Valentine's Day is upon us.
Every year -- in fact, every day -- I think there is nothing new to say. Love has been analyzed, satirized, idealized, intellectualized, and dramatized since time immemorial. It pops up in Greek myths, Shakespearian plays, and analysts' couches. It has inspired music, painting, sculpture, literature, and architecture (think: Taj Mahal, that palatial monument to a lost love). It has also inspired crime and suicide and murder.
So what's new about it?
I'll tell you what's new: over in France, President Nicolas Sarkozy and Carla Bruni have gotten married, after a whirlwind three-month courtship. This was not your typical romance, even for the supposedly (notoriously) romantic French. This did not follow the traditional pattern of boy-from-a-good-family meets girl-from-a-good-family and they get married. This did not even follow the accepted pattern for public figures to have secret liaisons and parallel love lives. The Sarkozy-Bruni affair was an in-your-face, devil-may-care, prime-time scenario. And the French have been amused, shocked, indignant and outraged in about equal measure.
Of course, the kings of France always had their mistresses....but they were kings. Napoleon had Josephine and Marie Louise, consecutively, and a number of illegitimate children....but he was an emperor. Charles de Gaulle, as far as I know, was a faithful husband to Yvonne, but Giscard d'Estaing was an insatiable womanizer. (He once flirted with me at a press conference!) Chirac, before leaving office last year, admitted he had loved "many women, but discreetly." Mitterrand, also a womanizer, eventually admitted that he had a daughter with his long-time mistress. When the question was raised publicly, after 20 years, he just shrugged and said, "So what?"
And the French let it pass.
But "Sarko" is another case. He is not dashing, like his predecessors, but he is pushy and persistent. He was involved with his second wife, Cecelia, while still married to his first wife. He was divorced from Cecelia last October, and by November he was dating Carla, who is known to be pretty persistent herself. (Her string of lovers includes Donald Trump, Mick Jagger and Kevin Costner.) He took her on high-profile trips to Egypt and Jordan and Italy (he was miffed that the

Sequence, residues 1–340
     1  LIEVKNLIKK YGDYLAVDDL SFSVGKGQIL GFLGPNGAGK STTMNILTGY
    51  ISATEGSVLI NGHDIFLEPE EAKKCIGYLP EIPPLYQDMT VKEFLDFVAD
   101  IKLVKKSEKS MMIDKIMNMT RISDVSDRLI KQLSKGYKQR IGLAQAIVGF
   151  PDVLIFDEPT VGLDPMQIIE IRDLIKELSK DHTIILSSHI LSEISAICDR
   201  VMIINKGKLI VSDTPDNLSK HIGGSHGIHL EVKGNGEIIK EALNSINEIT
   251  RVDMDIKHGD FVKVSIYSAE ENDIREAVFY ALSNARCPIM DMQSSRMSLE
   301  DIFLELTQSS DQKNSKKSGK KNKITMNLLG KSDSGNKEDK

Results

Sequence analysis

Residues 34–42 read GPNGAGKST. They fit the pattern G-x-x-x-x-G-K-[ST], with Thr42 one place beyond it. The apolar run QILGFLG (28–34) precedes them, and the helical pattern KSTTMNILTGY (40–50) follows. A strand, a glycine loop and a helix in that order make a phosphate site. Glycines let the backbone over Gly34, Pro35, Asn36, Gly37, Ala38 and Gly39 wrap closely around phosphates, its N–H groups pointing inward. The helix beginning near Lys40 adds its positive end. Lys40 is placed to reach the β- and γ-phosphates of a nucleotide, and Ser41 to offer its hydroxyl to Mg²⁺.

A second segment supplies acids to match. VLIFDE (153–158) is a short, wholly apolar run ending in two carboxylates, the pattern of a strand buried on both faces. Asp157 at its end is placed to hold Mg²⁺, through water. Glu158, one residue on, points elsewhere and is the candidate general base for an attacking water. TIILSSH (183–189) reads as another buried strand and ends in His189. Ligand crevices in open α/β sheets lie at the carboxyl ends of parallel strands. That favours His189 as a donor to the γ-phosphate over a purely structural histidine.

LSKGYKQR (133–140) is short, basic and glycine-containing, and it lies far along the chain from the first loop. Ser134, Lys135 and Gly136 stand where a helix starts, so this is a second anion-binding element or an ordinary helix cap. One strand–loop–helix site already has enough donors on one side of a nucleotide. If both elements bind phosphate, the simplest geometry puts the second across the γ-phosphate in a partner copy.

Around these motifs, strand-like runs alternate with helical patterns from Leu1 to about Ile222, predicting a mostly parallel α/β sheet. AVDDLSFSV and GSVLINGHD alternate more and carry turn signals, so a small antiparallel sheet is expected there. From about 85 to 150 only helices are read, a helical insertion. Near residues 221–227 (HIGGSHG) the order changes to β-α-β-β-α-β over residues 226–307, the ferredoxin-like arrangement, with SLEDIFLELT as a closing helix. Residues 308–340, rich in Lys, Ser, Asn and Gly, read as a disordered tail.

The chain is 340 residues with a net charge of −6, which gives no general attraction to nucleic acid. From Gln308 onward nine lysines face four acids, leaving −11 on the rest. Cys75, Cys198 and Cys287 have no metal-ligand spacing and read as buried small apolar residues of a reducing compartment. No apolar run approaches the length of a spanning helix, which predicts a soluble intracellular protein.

Pope wouldn't receive her), and he installed her at the Elysee Palace one month before actually marrying her. Rumors have circulated that this "shotgun marriage" was hastened by Sarkozy's scheduled visit to Queen Elizabeth next month, for he couldn't possibly have shacked up in Buckingham Palace with a girlfriend.
For the French, who don't generally mix business and pleasure, the Sarkozy-Bruni saga was just too much. Besides, it took all the charm and mystery out of a romantic relationship, hitting the tabloids like a cheap Hollywood tale. I think this is the crux of the problem. For while it's true that Sarkozy showed a lack of dignity and discretion by flaunting his love affair, he and Carla were also challenging the French ideal of l'Amour. Personnages like Madame Bovary, Cyrano de Bergerac, Edith Piaf, have embodied the passion and pathos of Love (capital L). Carla, an ex-model and pop singer, does not, and neither does Sarko.
Of course, the American ideal of love has changed radically, too.
Serial marriages have become the norm: I never meet anyone these days who hasn't been married two or three times. Long-distance marriages are also on the rise, and internet relationships are booming. And weird new gadgets are being designed to ease the stress of physical separation. Someone in England has invented a Hug Shirt that vibrates when your distant partner (also wearing a Hug Shirt) wraps his arms around himself. A contraption similar to an iPod will soon transmit palpable kisses across the miles. Other inventions to promote virtual intimacy are sure to appear.....I shudder to think.....
Perhaps in an age of Instant Messaging and YouTube and Match we should no longer look for mystery and passion in our relationships.
Then again, maybe we should.
Happy Valentine's Day!
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